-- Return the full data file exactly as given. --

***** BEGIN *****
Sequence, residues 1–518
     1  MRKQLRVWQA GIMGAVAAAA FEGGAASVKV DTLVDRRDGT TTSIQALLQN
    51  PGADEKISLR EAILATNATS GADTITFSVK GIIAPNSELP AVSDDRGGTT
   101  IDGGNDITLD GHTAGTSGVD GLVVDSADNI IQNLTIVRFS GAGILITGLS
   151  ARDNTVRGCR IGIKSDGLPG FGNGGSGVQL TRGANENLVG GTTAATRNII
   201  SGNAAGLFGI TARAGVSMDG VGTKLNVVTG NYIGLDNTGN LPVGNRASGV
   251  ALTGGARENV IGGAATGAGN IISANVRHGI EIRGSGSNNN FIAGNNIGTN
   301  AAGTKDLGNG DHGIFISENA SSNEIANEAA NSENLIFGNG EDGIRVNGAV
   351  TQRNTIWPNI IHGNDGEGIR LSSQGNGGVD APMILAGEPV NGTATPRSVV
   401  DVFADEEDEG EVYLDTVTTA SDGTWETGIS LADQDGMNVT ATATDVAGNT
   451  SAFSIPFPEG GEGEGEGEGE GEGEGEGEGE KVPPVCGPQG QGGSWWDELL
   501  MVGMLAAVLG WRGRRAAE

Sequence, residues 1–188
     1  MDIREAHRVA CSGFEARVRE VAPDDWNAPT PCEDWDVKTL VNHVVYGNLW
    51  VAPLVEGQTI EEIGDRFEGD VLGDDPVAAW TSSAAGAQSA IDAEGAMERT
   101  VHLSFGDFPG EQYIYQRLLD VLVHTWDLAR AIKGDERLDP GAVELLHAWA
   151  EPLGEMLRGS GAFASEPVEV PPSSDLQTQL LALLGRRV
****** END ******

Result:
Sequence, residues 1–518
     1  MRKQLRVWQA GIMGAVAAAA FEGGAASVKV DTLVDRRDGT TTSIQALLQN
    51  PGADEKISLR EAILATNATS GADTITFSVK GIIAPNSELP AVSDDRGGTT
   101  IDGGNDITLD GHTAGTSGVD GLVVDSADNI IQNLTIVRFS GAGILITGLS
   151  ARDNTVRGCR IGIKSDGLPG FGNGGSGVQL TRGANENLVG GTTAATRNII
   201  SGNAAGLFGI TARAGVSMDG VGTKLNVVTG NYIGLDNTGN LPVGNRASGV
   251  ALTGGARENV IGGAATGAGN IISANVRHGI EIRGSGSNNN FIAGNNIGTN
   301  AAGTKDLGNG DHGIFISENA SSNEIANEAA NSENLIFGNG EDGIRVNGAV
   351  TQRNTIWPNI IHGNDGEGIR LSSQGNGGVD APMILAGEPV NGTATPRSVV
   401  DVFADEEDEG EVYLDTVTTA SDGTWETGIS LADQDGMNVT ATATDVAGNT
   451  SAFSIPFPEG GEGEGEGEGE GEGEGEGEGE KVPPVCGPQG QGGSWWDELL
   501  MVGMLAAVLG WRGRRAAE

Sequence, residues 1–188
     1  MDIREAHRVA CSGFEARVRE VAPDDWNAPT PCEDWDVKTL VNHVVYGNLW
    51  VAPLVEGQTI EEIGDRFEGD VLGDDPVAAW TSSAAGAQSA IDAEGAMERT
   101  VHLSFGDFPG EQYIYQRLLD VLVHTWDLAR AIKGDERLDP GAVELLHAWA
   151  EPLGEMLRGS GAFASEPVEV PPSSDLQTQL LALLGRRV